Gaurav – “Why smart people are no longer at the big companies”

I read it first at:Why smart people are no longer at the big companies” – NewDelhiTimes.org, Gaurav Bhatnagar.

Imagine your pet project being sidelined due to investor (Wall Street) pressures. Unfortunately, that is more common-place than you think.
From Niall Kennedy’s blog,

What do you do when the market responds to your 6 month-old online services strategy by reducing your valuation by 1.5 Yahoos? Windows Live is under some heavy change, reorganization, pullback, and general paralysis and unfortunately my ability to perform, hire, and execute was completely frozen as well.

Niall was hired by Microsoft in April this year, to create a new team around syndication technologies for Windows Live. He has decided to leave Microsoft due to what I perceive to be lack of faith in his vision for data publishing and syndication.

Interestingly, I left my first job for a Masters in Computer Science. The hope had always been that I would realise my vision and get my execution right while working towards my Masters. I found that the priorities there too are different.

The only real lesson one can draw from this is that at some point you have to stop waiting for others to believe in your vision and begin believing in it yourself.

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3 Comments on “Gaurav – “Why smart people are no longer at the big companies””

  1. jcheng says:

    Wall Street pressures aren’t always a bad thing. It’s healthy for companies to think carefully about whether they are spending their R&D dollars wisely; and just because a talented programmer wants to build something, that doesn’t necessarily make it a good idea. The history of the software industry is littered with the carcasses of big ideas, implemented by brilliant minds, that fell flat with customers.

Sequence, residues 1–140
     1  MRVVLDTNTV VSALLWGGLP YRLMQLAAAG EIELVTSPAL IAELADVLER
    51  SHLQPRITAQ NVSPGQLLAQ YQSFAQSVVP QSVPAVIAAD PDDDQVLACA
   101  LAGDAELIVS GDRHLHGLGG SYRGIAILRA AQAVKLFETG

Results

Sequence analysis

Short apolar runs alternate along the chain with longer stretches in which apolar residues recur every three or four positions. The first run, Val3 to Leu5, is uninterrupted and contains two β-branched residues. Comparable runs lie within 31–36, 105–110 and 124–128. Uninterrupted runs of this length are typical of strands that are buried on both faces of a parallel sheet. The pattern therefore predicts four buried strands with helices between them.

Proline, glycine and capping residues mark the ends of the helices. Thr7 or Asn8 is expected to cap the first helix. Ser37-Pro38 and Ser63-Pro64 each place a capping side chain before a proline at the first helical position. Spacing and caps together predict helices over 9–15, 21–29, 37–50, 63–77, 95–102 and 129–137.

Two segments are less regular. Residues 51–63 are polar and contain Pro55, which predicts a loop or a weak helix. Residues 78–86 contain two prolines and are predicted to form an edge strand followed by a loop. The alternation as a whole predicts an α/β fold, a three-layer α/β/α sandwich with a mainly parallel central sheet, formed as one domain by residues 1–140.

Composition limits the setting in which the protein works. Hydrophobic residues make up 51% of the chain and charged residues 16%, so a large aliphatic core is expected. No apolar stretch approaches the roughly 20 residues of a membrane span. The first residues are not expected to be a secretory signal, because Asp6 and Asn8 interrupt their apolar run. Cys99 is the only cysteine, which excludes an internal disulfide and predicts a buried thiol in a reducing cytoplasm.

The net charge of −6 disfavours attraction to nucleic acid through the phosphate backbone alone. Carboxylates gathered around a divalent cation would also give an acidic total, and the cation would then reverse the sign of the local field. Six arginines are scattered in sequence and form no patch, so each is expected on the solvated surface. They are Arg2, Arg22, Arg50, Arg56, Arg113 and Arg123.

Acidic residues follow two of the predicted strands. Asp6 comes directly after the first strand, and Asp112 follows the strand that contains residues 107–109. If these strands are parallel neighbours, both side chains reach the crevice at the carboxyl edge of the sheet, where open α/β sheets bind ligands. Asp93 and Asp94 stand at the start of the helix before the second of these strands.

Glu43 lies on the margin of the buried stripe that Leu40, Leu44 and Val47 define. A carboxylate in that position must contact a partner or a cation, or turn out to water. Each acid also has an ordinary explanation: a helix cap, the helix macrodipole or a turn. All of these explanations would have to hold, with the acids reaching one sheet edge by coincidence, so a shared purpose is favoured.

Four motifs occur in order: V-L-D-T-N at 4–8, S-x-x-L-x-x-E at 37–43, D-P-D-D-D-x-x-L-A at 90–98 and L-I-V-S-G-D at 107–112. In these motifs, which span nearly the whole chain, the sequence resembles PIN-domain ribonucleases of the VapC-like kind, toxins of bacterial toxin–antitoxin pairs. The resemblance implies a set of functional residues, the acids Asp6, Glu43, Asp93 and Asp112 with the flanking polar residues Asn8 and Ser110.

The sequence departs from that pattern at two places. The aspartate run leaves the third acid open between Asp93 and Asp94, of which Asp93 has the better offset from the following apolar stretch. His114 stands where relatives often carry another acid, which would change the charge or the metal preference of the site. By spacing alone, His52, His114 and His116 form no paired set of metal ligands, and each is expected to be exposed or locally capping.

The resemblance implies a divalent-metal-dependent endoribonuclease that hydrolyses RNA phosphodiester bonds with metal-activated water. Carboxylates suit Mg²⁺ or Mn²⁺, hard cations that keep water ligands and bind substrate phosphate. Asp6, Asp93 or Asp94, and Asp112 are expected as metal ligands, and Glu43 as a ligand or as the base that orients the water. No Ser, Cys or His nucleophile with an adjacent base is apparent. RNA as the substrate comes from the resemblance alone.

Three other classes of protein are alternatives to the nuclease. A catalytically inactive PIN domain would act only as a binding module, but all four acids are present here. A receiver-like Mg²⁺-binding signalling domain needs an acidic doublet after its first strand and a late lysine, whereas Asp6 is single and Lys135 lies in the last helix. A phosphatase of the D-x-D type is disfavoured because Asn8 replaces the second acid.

2. Santosh says:

    Hi Joe, Thank you for leaving your comment. I do agree with you on spending wisely. My thoughts are that Wall street sentiment cannot (and should not) be used reliably for validation of a business idea. For example, several technology companies had insane valuations in the open market during the dot-com era. If a talented programmer feels that he would like to build something, I would suggest that he look to the customer first for validation (rather than the investor). Which is also why Microsoft will remain Microsoft and smaller private companies will continue to innovate.

    – Santosh

  3. Joe Cheng says:

    I absolutely agree. The customer is a better proxy for reality than Wall Street investor. Both are better proxies, I believe, than the talented programmer. 🙂

    I say this as a talented (IMHO) programmer myself… it has taken me years but now I know not to assume something is a good idea just because I want to build it!

    (Oh, I should’ve mentioned in my first comment, I’m a Microsoft employee–by way of the recent acquisition of my previous company, a startup called Onfolio.)